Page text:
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1 Bligh Barcode Office Pettit + Sevitt Dinh Q. Lê Helios Residences State Theatre Centre



letter from the editor issue 48, 2012

In this issue of Indesign a group of projects – coming on the heels of the exemplary One40William development in Perth – suggest a welcome trend in the evolution of our cities. I am thinking of the way all of these projects – including the State Theatre Centre in Perth (p.105), and 1 Bligh (p.72) and Red Cross (p.95) in Sydney – each in their own way integrates with their city context. Not only are they permeable – inviting people to enter into and move through them – but they also respond to and respect their established neighbours in terms of scale, texture and formal language. At the same time, each of them contributes a fresh new element to a long-established and sometimes rather frayed neighbourhood. If this is indeed a trend, then it is a welcome reversal of a long-standing preference in our cities for buildings to turn their back on the street, close their doors to the public and pay no respect to the existing cityscape. Before we become too sanguine, however, we should consider some other developments going on at the moment. Perth has the opportunity to become the most liveable city in Australia. But it is poised to move ahead with the re-development of the Swan River foreshore. This project will change the character of Perth irremediably. Why do this? But it is a program which has developed its own momentum to the point where no one is asking: ‘Why?’ In our next issue of Indesign Sasha Ivanovich will look at the proposal in detail – the history of it and the issues that need to be debated but which – in the great Australian tradition of bureaucratic arrogance – are currently being brushed aside. These include the scale of the built form, the credibility of the connection with the CBD, the threat to CBD property values and the senseless diversions of Riverside Drive, a major east-west arterial road bypassing the city. Meanwhile in Sydney, the Barangaroo development proceeds. This over-scaled development contradicts the sensitive scale and urban intelligence of the neighbouring precinct (which includes the Macquarie Bank building and the new Commonwealth Bank building) and, like the Perth Foreshore project, advertises itself as creating connection with the CBD when it does nothing of the kind. What both these projects fail to do is grab the opportunity to create a grand public space rich in amenity in favour of selling off the farm. Take your pick: Be an optimist or a pessimist. paul mcgillick – editor Above Editor, Paul McGillick with Deputy Editor, Mandi Keighran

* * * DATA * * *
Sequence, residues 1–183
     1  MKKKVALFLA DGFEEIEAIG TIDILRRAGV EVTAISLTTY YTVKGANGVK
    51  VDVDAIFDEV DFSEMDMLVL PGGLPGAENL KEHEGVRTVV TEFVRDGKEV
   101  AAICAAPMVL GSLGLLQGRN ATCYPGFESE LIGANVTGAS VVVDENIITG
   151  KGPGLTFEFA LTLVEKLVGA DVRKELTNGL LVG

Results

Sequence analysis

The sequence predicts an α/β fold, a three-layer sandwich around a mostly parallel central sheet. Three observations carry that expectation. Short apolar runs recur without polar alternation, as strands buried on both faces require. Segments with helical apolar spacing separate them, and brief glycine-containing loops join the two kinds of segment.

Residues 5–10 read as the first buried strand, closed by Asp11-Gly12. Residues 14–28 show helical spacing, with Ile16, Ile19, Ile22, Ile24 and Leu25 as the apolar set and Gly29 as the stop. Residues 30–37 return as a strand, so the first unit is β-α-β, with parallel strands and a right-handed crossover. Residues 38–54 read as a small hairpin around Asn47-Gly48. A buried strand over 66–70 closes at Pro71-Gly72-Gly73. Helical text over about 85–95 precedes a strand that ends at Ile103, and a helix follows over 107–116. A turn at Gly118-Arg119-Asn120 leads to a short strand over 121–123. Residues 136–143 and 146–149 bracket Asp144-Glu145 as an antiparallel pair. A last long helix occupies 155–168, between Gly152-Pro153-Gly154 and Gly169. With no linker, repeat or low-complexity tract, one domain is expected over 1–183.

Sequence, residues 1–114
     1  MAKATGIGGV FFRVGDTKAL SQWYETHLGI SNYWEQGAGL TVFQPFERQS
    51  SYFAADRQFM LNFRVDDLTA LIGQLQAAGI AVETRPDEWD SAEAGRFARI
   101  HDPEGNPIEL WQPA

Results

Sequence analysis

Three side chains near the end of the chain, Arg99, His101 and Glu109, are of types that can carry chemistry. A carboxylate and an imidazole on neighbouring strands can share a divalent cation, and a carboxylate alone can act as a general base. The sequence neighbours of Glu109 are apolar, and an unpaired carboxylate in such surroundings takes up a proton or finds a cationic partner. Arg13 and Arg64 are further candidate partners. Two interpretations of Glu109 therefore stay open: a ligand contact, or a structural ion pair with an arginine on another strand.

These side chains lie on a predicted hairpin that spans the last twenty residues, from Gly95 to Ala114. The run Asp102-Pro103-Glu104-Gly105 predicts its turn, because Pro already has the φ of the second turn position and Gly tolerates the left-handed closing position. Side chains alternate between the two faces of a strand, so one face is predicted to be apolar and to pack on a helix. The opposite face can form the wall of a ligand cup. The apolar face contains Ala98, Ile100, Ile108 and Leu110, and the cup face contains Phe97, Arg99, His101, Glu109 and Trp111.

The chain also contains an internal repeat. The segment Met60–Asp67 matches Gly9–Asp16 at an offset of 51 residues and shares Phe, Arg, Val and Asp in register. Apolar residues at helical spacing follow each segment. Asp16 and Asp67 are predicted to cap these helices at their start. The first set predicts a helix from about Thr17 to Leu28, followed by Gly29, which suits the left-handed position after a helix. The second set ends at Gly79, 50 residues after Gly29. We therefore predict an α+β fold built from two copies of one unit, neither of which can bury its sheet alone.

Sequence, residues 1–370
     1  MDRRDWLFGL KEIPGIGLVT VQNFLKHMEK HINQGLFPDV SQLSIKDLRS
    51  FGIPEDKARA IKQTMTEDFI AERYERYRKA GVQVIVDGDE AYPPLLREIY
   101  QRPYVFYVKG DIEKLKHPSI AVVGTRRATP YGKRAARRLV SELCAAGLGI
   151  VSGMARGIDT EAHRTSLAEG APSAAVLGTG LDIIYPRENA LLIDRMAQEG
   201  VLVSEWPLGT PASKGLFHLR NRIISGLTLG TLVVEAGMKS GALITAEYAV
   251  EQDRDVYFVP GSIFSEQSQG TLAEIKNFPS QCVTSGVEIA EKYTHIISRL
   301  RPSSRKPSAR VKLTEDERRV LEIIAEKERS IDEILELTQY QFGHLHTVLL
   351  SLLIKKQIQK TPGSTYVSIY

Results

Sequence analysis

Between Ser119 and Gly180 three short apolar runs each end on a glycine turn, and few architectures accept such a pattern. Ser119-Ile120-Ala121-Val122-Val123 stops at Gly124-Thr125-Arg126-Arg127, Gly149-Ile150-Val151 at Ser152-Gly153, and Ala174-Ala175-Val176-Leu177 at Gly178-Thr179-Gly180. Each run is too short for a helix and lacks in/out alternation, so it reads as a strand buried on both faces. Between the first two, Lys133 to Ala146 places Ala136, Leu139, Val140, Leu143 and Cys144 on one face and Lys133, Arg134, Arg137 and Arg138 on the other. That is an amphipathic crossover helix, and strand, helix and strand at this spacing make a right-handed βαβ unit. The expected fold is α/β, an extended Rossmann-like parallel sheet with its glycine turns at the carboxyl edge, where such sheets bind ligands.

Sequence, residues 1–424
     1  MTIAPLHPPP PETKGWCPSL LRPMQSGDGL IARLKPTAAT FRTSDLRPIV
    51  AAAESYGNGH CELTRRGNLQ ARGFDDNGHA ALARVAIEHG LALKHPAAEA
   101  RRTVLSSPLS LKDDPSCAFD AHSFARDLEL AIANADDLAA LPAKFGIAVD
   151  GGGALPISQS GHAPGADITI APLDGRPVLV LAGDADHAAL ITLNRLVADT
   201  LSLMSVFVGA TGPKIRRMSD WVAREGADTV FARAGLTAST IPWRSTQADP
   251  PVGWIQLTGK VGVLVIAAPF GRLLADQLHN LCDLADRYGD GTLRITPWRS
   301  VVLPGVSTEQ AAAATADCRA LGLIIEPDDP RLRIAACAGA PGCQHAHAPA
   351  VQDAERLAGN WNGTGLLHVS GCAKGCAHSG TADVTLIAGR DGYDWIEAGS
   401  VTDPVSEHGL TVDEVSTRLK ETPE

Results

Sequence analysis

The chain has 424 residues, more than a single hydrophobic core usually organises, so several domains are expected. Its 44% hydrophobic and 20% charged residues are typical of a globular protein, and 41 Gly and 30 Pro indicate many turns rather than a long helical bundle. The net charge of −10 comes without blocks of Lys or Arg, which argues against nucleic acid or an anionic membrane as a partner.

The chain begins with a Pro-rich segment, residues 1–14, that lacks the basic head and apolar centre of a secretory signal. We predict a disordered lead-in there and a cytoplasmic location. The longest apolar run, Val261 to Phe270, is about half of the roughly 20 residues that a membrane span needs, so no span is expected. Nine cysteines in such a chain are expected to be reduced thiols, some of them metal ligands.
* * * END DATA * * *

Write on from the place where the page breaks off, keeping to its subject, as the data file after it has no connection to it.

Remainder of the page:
mar–may, 2012

Issue 48 regulars


027 EVOLVE Bite-sized portions from the latest people, places, products, events


060 INDESIGN LUMINARY Philip Cox is an architect, artist, architectural historian and founding Principal of one of Australia’s largest architecture practices

072 1 Bligh and Clayton Utz, Sydney, by Architectus, Ingenhoven Architects, and Bates Smart 095 Red Cross, Sydney, by BVN Architecture

068 ART Dinh Q. Lê explores memory and the immigration experience

100 ASIC, Sydney, by HBO+EMTB

199 PULSE New Zealand jeweller Warwick Freeman talks about the importance of found objects in his work

105 State Theatre Centre, Perth, by Kerry Hill Architects

Swiss architect and designer Daniel Korb on his new brand, XChange Craig Bassam and Scott Fellows on craftsmanship and luxury 209 ZONE Caia Hagel talks to architect Peer Teglgaard Jeppesen and artist Olafur Eliasson about their collaboration on the Harpa Concert Hall Paul McGillick and Shashi Caan discuss her new design practice 217 SUSTAIN The rebirth of Pettit + Sevitt, builders of sustainable project homes Candle maker Jonathan Ward is a leader in sustainability New Zealand university students win third place at the Solar Decathlon 224 PS Light sculptures at The Star by Leo Villareal and Urban Art Projects

Perth Special

116 DLA Piper, Perth, by Woods Bagot 122 Rodrigues Bodycoat Studio, Perth, by Rodrigues Bodycoat Architects Civic 128 Museum of Old and New Art (MONA), Hobart, by Fender Katsalidis Architects 138 Mount Eden Streetscape, Auckland, by Billy Apple 142 Ormond Anglican Church, Melbourne, by Atelier Wagner 144 Milson Island Indoor Sports Stadium, Hawkesbury, by Allen Jack + Cottier Residential 148 Helios Residences, Singapore, by Guida Moseley Brown Architects Retail 156 Picket, Melbourne, by Clare Cousins Architecture Hospitality 160 The Star, Sydney, by Fitzpatrick + Partners, Paul Kelly Design, Luigi Rosselli Architects and Luchetti Krelle 174 Shortgrain, Sydney, by May & Swan Architects and George Livissianis Interior / Architecture 178 Tank, Brisbane, by Donovan Hill Studio 182 Barcode Office, Singapore, by Ministry of Design landscape

Cover Looking up through the 130-metrehigh atrium at 1 Bligh to the skylight above (see pp.72–91) Photo: Hamilton Lund

190 Seven17 Bourke Street, Melbourne, by ASPECT Studios and METIER3 192 York Park North Oak Plantation, Canberra, by Redbox Design Group, Romaldo Giurgola, and Pamille Berg Consulting